Guest Review: DARK IMPERIUM by Guy Haley (Black Library)

HaleyG-WH40k-DarkImperiumA new WH40k era begins…

Fell times have come to the galaxy. Cadia has fallen, destroyed by the onslaught of Chaos. A Great Rift in the warp has opened and from its depths spew daemons and the horrors of Old Night. But all hope is not lost… A hero, long absent, has returned and with him comes the wrath of the Ultramarines reborn. Roboute Guilliman has arisen to lead the Imperium out of darkness on a crusade the likes of which has not been seen since the fabled days of the Emperor. But never before have the forces of Ruin amassed in such numbers, and nowhere is safe from despoliation. From the dreaded Scourge Stars come the hordes of the Plaguefather, Lord Nurgle, and their pustulent eye is fixed on Macragge. As the Indomitas Crusade draws to an end, Guilliman races to Ultramar and a confrontation with the Death Guard.

Reviewed by Abhinav Jain

One of the biggest criticisms that fans have leveled at Games Workshop for the Warhammer 40,000 setting is that the clock is always stuck at ten minutes before midnight. There is no forward momentum in the overall story, since the narrative is always stuck in year 999.M41 and we’ve already seen tons of stories and supplemental lore in that year. Going back and visiting the decades and centuries prior is all well and good, but many have clamoured for a change in the status quo. This picked up steam some two/three years back when the Warhammer Fantasy setting met its demise and was then reborn as Age of Sigmar. But that, too, caused problems since the new setting was a complete and total shift from what had come before and fans didn’t want that either. Continue reading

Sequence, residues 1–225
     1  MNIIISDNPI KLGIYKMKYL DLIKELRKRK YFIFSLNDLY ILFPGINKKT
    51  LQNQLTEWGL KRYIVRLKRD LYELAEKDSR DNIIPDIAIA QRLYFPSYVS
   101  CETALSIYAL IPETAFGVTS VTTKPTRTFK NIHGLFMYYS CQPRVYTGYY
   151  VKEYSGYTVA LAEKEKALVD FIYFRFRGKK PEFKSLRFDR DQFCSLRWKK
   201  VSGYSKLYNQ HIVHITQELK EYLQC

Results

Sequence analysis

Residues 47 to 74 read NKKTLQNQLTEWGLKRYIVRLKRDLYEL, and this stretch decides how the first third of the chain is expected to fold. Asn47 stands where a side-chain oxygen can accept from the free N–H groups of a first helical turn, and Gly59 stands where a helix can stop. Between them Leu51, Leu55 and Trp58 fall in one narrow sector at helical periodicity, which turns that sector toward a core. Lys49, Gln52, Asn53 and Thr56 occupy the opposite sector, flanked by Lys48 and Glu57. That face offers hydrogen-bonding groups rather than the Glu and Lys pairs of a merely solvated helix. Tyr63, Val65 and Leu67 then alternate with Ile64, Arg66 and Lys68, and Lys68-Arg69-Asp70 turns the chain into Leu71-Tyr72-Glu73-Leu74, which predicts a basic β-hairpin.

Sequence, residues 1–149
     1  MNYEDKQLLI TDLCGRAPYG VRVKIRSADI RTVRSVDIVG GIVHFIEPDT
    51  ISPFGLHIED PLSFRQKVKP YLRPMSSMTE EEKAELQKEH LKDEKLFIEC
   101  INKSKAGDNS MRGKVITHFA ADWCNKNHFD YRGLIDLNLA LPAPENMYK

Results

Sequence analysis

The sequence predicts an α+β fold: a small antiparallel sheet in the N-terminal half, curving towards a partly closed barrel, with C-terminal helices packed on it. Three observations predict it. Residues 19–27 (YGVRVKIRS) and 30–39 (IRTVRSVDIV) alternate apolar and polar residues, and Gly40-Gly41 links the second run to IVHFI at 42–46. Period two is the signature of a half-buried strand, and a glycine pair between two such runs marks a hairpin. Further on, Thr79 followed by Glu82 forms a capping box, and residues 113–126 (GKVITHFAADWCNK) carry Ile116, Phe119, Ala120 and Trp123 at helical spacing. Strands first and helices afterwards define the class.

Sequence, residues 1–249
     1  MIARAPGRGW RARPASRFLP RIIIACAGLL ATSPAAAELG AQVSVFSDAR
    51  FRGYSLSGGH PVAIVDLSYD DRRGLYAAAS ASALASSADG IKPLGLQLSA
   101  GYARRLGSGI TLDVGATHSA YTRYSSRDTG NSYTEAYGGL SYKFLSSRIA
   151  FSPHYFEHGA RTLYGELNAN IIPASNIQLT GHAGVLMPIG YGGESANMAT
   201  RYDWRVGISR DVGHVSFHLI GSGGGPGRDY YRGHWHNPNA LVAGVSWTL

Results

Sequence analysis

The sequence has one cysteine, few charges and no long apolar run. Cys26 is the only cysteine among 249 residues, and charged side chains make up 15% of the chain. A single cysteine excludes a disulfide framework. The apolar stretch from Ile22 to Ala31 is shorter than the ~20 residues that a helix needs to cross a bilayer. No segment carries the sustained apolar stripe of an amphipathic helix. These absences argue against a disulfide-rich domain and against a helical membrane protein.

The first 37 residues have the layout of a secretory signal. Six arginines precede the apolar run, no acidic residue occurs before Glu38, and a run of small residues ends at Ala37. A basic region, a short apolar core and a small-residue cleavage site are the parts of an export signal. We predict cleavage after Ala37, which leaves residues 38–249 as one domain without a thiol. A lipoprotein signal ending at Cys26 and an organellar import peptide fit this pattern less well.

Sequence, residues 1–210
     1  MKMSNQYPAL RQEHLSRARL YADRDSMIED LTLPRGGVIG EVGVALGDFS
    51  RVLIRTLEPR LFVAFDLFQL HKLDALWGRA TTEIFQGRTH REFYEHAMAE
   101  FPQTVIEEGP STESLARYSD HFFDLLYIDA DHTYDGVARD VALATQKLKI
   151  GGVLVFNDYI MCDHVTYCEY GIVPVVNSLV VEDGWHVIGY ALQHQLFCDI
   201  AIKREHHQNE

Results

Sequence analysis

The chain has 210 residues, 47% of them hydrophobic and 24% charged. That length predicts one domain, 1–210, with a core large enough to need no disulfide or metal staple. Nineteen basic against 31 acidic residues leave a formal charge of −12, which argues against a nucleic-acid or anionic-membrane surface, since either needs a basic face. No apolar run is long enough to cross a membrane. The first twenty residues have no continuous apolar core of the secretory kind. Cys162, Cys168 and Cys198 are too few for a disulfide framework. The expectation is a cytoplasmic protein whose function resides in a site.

Review: AZRAEL by Gav Thorpe (Black Library)

ThorpeG-SML-AzraelPBThe Chapter Master’s ascension, and the secrets of the Dark Angels

The Dark Angels Chapter sprang from the First Legion of Space Marines to fight and die at the Emperor’s side. But over ten thousand years, even the most staunchly loyal warriors of the Imperium can fall from grace, and the Dark Angels guard their own murky secrets most carefully — only Supreme Grand Master Azrael knows them all. A legend among Space Marines, he has fought for centuries and ever at the forefront of battle. Now, with the enigmatically alien eldar as his uneasy and unlikely allies, he must tread the fine line once more between the pursuit of victory, and keeping the Chapter’s past safely buried…

Continuing my new-found interest in loyalist Space Marine fiction, after thoroughly enjoying Guy Haley’s Dante, I dove into Azrael with pretty high hopes. It is, after all, written by Gav Thorpe — a long-time, excellent author of Black Library and, especially, Dark Angels fiction. This novel has a lot to offer fans of the chapter and setting as a whole. Continue reading

Guest Review: CALGAR’S FURY by Paul Kearney (Black Library)

KearneyP-WH40k-CalgarsFuryThe Ultramarines Chapter Master steps into battle

The Realm of Ultramar stands as a shining beacon of order and strength in a galaxy wracked by war and torment. Custodian of this realm, and Chapter Master of the Ultramarines, Marneus Calgar has fought many foes and won countless wars to ensure its borders remain safe. But when an immense space hulk emerges into the Ultramar system, carrying with it the threat of something ancient and terrible, it is Calgar once again who stands in defence of his realm, prepared to meet whatever horrors are aboard and discover the mystery at the heart of the ship dubbed Fury.

Reviewed by Abhinav Jain

The Ultramarines have been the poster-child for WH40k’s various Space Marines Chapters for multiple years. The blue-armoured warriors can be seen on most of the primary packaging for the tabletop models and rulebooks as well. As the typical example of Space Marines, over the years their image has morphed into one that says, “These are the boring old Space Marines who do everything and are just perfect little warriors.”